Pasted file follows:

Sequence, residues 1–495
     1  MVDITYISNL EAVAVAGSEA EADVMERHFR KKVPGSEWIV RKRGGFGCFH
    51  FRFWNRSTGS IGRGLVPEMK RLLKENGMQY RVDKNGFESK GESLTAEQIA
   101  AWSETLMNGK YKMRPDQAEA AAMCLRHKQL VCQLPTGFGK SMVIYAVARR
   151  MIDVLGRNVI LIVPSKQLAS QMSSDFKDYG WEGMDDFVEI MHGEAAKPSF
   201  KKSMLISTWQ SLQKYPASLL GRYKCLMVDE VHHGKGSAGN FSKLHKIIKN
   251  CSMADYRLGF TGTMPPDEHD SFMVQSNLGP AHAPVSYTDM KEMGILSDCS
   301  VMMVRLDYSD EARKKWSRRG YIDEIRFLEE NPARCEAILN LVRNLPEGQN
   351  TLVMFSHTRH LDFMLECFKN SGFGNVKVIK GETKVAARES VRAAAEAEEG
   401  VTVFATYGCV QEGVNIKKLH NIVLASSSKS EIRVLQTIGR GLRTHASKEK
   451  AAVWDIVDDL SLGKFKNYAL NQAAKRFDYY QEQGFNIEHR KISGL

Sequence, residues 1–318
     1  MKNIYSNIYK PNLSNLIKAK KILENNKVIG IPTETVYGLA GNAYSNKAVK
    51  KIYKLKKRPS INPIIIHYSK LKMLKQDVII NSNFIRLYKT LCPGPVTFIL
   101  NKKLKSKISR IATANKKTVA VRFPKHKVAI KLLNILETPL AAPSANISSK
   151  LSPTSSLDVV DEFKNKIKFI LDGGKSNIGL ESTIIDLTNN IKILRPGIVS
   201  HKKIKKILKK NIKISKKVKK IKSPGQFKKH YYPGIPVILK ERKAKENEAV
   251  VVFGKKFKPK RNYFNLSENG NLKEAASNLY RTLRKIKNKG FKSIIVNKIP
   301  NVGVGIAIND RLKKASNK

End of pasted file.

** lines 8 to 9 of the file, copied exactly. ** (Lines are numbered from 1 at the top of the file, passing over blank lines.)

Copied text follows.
   301  VMMVRLDYSD EARKKWSRRG YIDEIRFLEE NPARCEAILN LVRNLPEGQN
   351  TLVMFSHTRH LDFMLECFKN SGFGNVKVIK GETKVAARES VRAAAEAEEG